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For Immediate Release

Tuesday, January 17, 2012

AFSCME Plan to JP Morgan: End Dimon Double Duty

Washington, DC — 

The AFSCME Employees Pension Plan (“the AFSCME Plan”) today announced it filed a shareholder proposal asking JPMorgan Chase & Co. (JPM) to adopt an independent board chair.

The AFSCME Plan, an institutional investor with more than $850 million in assets and a long-term shareholder of JPM, submitted the shareholder proposal for consideration at JPM‟s 2012 annual meeting. The AFSCME Plan views the proposal as an important way to protect and enhance the economic value of its long-term investment in JPM and sees the proposal as a way to refocus the company on better managing its economic risks and protecting and improving the value of its shares.

“Jamie Dimon has gone from the ‘Last Man Standing’1 to ‘the Most Dangerous Man in America’2,” said AFSCME President Gerald W. McEntee, “and it is high time that the board of directors stepped in to manage risk at JP Morgan.”

JPM shares have declined almost 20% relative to the S&P 500 over the past year as the firm has faced significant additional legal and reputational risks3. According to Bloomberg, bad mortgages and foreclosure abuses have already cost JPM $16.3 billion.4 In addition to the serious financial consequences of the foreclosure fraud debacle, JPM has suffered reputational damage due to:

  • alleged involvement with Bernie Madoff5;
  • foreclosure actions taken against six active duty military personnel in violation of the Servicemembers Civil Relief Act6;
  • charges of having participated in an unlawful payment scheme to win business with Jefferson County, Alabama7; and
  • SEC enforcement actions leading to a settlement over allegations that JPM had misled its clients regarding a collateralized debt obligation (CDO).8

During this period, JPM CEO Jamie Dimon has also been acting as the board chair at JPM; Dimon has filled both roles for JPM since 2006. As Chairman of the Board, JPM CEO Jamie Dimon presides over the directors who establish his compensation. Dimon‟s pay increased from $1.3 million in 2009 to $27.8 million in 2010.9

JPMorgan has been at the center of controversy surrounding improper mortgage documentation. The Congressional Oversight Panel reported that for the critical 2005-2007 period, JPM and its subsidiaries constituted the third largest originator of US Mortgages and the largest underwriter of non-agency mortgage-backed securities.10 FBR Capital Markets analyst Paul Miller estimates that JPM faces losses of over $21 billion due to mortgage “putback” litigation.11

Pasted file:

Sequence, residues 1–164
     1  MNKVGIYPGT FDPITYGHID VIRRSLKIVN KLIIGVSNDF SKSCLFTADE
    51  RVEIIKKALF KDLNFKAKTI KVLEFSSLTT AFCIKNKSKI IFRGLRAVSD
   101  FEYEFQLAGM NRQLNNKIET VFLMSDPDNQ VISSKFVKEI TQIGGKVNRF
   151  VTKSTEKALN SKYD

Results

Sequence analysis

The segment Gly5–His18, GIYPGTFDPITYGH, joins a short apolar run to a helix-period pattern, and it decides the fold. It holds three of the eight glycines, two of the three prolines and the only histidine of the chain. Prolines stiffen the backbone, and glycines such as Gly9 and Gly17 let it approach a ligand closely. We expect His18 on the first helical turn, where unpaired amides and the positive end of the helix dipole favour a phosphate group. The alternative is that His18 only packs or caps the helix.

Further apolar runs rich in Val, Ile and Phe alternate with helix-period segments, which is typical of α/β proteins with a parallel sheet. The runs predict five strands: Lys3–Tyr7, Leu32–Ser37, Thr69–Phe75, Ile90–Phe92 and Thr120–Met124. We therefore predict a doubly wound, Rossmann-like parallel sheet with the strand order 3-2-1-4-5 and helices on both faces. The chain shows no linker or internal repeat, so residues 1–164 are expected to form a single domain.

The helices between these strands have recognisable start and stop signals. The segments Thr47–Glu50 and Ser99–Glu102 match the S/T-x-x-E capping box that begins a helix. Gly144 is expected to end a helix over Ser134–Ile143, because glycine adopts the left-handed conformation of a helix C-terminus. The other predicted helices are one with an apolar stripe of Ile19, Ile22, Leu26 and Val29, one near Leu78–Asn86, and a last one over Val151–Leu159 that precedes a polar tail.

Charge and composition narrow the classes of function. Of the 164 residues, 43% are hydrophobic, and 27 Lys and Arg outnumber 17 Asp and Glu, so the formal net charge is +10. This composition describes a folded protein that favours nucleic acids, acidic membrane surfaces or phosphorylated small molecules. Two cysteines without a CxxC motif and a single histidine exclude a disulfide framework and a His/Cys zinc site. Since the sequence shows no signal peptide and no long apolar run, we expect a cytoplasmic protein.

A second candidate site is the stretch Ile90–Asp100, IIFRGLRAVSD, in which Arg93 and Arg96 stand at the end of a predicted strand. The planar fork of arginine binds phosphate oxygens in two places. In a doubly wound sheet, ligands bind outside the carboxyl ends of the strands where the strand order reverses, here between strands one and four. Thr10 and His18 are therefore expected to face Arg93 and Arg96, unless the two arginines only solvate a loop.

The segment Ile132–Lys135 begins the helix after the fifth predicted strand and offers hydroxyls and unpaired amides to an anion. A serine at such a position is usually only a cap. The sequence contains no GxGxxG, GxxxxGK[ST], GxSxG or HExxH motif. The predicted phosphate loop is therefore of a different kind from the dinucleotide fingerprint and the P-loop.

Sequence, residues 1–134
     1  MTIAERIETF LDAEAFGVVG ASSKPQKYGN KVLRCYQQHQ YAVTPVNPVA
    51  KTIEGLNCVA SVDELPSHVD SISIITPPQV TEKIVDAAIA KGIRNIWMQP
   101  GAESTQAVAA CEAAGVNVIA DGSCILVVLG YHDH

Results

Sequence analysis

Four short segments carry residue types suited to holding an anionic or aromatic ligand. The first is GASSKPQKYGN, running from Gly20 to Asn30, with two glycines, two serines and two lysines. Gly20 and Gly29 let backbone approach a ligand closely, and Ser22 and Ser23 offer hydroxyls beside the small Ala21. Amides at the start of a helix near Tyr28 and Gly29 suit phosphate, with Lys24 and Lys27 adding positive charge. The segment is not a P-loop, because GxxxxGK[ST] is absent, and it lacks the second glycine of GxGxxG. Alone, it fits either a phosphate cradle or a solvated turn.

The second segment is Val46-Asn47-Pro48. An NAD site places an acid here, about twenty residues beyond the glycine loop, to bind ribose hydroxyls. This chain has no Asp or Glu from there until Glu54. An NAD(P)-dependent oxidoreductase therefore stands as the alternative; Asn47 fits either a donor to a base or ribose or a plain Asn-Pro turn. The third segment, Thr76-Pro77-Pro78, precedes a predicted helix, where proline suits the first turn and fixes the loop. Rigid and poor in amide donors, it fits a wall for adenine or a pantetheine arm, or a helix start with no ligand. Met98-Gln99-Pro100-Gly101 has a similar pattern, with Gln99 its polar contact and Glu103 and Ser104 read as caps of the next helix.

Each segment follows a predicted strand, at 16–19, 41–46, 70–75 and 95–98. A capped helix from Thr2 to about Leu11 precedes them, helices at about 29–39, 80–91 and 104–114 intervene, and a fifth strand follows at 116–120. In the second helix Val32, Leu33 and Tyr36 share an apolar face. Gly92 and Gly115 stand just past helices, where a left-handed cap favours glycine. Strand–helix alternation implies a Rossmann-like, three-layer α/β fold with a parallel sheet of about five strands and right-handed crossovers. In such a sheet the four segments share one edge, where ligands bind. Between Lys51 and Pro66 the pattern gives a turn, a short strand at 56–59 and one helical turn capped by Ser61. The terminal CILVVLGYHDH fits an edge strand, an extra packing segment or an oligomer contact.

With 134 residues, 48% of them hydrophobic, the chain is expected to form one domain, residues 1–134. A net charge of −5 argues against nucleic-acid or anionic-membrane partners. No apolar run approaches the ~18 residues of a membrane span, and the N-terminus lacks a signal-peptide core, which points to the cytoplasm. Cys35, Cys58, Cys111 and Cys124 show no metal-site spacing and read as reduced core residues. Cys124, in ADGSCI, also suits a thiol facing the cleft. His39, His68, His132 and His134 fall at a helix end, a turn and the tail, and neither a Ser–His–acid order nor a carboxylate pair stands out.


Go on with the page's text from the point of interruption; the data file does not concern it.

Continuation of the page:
The AFSCME Plan believes that adoption of its proposal to require an independent board chair would be an important first step towards refocusing JPM on curing these problems and improving its economic performance.

“An independent chair would get JPMorgan executives focused on generating long term value for shareholders, rather than empire-building and big bonuses,” added McEntee.

Separation of the chair and CEO positions is a reform increasingly supported by both directors and institutional shareholders as instrumental in protecting the value of publicly held companies. In 2009, the Chairmen‟s Forum, a group of more than 50 current and former board chairs, directors, chief executives, investors and governance experts hosted by Yale‟s Millstein Center, endorsed the voluntary adoption of independent, non-executive chair of the board, finding that “[t]he independent chair curbs conflicts of interest, promotes oversight of risk, manages the relationship between the board and CEO, serves as a conduit for regular communication with shareowners, and is a logical next step in the development of an independent board.” Additionally, the number of U.S. companies moving to separate the chair and CEO positions has been increasing. Forty percent of S&P 500 companies now split the chair and CEO roles.



3 Decline relative to S&P 500 was 19.52%. CapitalIQ as of January 9, 2012.



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9 Institutional Shareholder Services report on JPM, May 13, 2011, page 13.



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